I warned the young doctor, the moaner
Striving to pay off his loaner
All of that debt
Just has to be met.
Please, never turn into an owner.
Synopsis: I’m a family practitioner from Sioux City, Iowa. In May 2010, I left my position of 23 years, and honoring my non-compete clause, traveled for a year doing locum tenens work. In June of 2011 I joined up with the Community Health Center, which provides care for the underserved. I’m now working part-time, which, for a doctor, means 48 hours a week.
Job offers cross my desk and invade my emails every day. Most weeks include half a dozen calls from recruiters. Just last week I got a flyer promising a strong six-figure base pay, with an available 66% upgrade for taking call.
I’m not in the market. Just trying to work reasonable hours takes up most of my time. I forward some of the more interesting opportunities to a couple of colleagues who find themselves between jobs, a status that doesn’t last long for a doctor.
I sat down with one of them today, over coffee, to talk about an offer. The email promised half the money a teacher makes, but would give the successful hire a chance to improve some skill sets.
I informally counsel a good number of docs in the early phases of their careers. If I talk about hanging up a shingle, I caution about the burdens of being an owner, and none of the cautions relate to the rapidly changing medical business climate.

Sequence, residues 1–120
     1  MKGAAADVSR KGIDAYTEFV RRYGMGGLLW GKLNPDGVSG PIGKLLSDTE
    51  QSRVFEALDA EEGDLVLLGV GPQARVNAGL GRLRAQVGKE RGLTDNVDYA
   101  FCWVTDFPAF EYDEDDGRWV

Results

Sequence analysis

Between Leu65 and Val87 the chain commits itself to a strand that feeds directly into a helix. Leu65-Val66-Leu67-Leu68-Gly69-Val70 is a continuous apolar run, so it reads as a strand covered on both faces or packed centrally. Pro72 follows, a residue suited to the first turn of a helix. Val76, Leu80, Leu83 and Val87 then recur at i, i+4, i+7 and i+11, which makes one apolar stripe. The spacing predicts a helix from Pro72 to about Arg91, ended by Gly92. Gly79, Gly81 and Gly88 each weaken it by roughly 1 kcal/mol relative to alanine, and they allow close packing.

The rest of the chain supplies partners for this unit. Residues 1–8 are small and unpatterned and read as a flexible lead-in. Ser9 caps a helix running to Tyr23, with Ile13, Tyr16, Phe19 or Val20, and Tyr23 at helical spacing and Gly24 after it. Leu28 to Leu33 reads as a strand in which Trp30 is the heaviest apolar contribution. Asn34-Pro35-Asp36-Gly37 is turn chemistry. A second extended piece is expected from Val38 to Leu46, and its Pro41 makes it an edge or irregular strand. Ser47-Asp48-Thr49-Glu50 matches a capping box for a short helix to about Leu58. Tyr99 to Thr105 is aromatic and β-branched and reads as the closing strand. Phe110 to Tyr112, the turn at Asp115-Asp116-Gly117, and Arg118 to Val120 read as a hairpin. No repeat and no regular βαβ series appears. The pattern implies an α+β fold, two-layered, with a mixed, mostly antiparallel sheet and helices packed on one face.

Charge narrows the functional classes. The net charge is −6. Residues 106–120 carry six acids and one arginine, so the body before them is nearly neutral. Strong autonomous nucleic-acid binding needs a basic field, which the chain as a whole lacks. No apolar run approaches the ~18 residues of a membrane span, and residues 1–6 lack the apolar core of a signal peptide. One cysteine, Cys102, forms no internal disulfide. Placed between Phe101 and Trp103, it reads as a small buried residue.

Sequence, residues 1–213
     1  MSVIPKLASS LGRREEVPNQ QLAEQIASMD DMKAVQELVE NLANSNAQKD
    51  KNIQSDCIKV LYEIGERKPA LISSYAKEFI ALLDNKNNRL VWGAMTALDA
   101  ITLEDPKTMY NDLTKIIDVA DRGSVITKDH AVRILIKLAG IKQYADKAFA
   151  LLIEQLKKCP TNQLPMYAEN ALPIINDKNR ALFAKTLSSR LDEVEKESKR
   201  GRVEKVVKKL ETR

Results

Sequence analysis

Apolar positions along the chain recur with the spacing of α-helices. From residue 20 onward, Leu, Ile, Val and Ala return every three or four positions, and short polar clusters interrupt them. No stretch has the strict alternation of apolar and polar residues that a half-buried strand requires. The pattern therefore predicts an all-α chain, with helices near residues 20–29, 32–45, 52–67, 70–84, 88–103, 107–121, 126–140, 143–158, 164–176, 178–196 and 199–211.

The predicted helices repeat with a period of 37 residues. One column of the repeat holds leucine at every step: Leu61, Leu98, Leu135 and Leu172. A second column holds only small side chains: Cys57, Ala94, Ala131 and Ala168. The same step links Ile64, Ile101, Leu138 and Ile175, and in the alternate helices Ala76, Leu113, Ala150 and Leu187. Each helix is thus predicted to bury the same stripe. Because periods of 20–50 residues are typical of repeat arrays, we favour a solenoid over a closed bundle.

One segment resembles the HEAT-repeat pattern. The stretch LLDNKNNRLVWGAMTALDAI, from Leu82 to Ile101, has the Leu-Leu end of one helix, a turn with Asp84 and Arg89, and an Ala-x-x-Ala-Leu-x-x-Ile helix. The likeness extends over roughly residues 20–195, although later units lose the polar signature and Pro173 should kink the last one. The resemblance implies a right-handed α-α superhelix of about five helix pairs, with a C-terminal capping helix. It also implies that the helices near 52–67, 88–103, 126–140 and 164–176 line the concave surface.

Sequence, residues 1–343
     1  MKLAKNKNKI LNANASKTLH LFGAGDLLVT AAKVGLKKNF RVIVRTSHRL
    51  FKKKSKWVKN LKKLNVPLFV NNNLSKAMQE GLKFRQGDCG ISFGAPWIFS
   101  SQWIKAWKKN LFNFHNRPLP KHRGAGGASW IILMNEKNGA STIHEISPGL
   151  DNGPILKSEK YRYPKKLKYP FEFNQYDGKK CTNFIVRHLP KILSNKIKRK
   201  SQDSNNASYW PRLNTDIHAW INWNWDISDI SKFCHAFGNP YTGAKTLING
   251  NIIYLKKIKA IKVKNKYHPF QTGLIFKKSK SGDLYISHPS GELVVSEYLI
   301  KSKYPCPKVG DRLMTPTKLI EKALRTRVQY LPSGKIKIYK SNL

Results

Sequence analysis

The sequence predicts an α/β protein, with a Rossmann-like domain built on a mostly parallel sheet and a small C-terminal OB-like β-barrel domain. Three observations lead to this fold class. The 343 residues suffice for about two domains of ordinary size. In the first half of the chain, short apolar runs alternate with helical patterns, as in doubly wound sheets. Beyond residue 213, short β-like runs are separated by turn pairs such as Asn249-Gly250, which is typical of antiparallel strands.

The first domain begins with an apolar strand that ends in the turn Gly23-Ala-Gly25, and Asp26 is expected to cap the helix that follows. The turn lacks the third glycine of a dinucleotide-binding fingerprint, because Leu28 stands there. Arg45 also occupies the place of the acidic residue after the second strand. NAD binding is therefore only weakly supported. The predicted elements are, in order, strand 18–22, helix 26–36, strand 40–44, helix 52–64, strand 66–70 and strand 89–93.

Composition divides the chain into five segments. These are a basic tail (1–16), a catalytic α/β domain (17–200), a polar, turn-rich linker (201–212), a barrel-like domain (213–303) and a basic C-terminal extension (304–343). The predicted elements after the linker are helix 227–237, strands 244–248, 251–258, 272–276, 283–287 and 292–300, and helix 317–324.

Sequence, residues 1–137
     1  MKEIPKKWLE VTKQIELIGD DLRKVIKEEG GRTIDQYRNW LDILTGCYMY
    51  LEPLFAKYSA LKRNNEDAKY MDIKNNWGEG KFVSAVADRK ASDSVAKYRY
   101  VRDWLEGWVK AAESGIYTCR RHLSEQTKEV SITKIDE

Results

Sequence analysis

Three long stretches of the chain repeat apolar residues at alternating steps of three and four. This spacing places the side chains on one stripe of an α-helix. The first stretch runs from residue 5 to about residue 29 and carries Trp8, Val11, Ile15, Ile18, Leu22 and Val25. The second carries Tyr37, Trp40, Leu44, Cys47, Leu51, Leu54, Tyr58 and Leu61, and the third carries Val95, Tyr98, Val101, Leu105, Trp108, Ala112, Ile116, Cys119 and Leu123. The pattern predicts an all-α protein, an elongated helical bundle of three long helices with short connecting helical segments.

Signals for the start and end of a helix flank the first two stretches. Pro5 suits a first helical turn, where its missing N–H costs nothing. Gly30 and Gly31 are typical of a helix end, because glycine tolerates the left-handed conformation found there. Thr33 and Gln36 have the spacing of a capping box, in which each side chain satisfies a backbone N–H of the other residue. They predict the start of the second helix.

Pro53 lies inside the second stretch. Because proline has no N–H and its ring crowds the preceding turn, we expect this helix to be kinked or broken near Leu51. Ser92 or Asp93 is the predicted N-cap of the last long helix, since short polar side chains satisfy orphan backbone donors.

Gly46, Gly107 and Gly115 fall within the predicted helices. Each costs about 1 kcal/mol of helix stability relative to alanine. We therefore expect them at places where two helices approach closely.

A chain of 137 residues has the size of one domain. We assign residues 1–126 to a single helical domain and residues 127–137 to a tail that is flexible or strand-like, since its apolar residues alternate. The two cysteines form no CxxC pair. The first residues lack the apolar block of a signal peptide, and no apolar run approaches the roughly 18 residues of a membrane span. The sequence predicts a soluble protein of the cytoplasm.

The Affordable Health Care Act increases the regulatory burden on doctors. With all the forms to fill out and reports to generate, few physicians can continue in small or solo practices unless they reject money from insurance and the government. But that’s not what I warn the young docs about.
A medical business owner has to worry about overhead, and thus must be willing to fire less than stellar employees. Few medicos have business training, even fewer have business sense, and most try to keep marginal staff in place, hoping they’ll improve. If you’re kind enough to want to help people, you hate to fire a patient because they don’t pay bills.
I apply all these criticisms to myself. Every day I go to work not worrying about management reminds me of how much emotional energy I spent on being a boss.
On the other hand, I finished med school with a mere $3,000 in debt (I had great poverty skills) and I didn’t face six figures of pay back.
More and more doctors marry other professionals and two good incomes decreases the drive to seek the highest paycheck. At the same time, the physicians now coming out of training have had work hour limits, and hence have better leisure skills than my generation of doctors.
“Don’t get on the hamster wheel,” I cautioned my colleague. “You’ll find it very difficult to get off before you burn out.”
Still the 40-hour work week, the ideal balance between home and work, eludes every doctor I know of, even the ones on salary.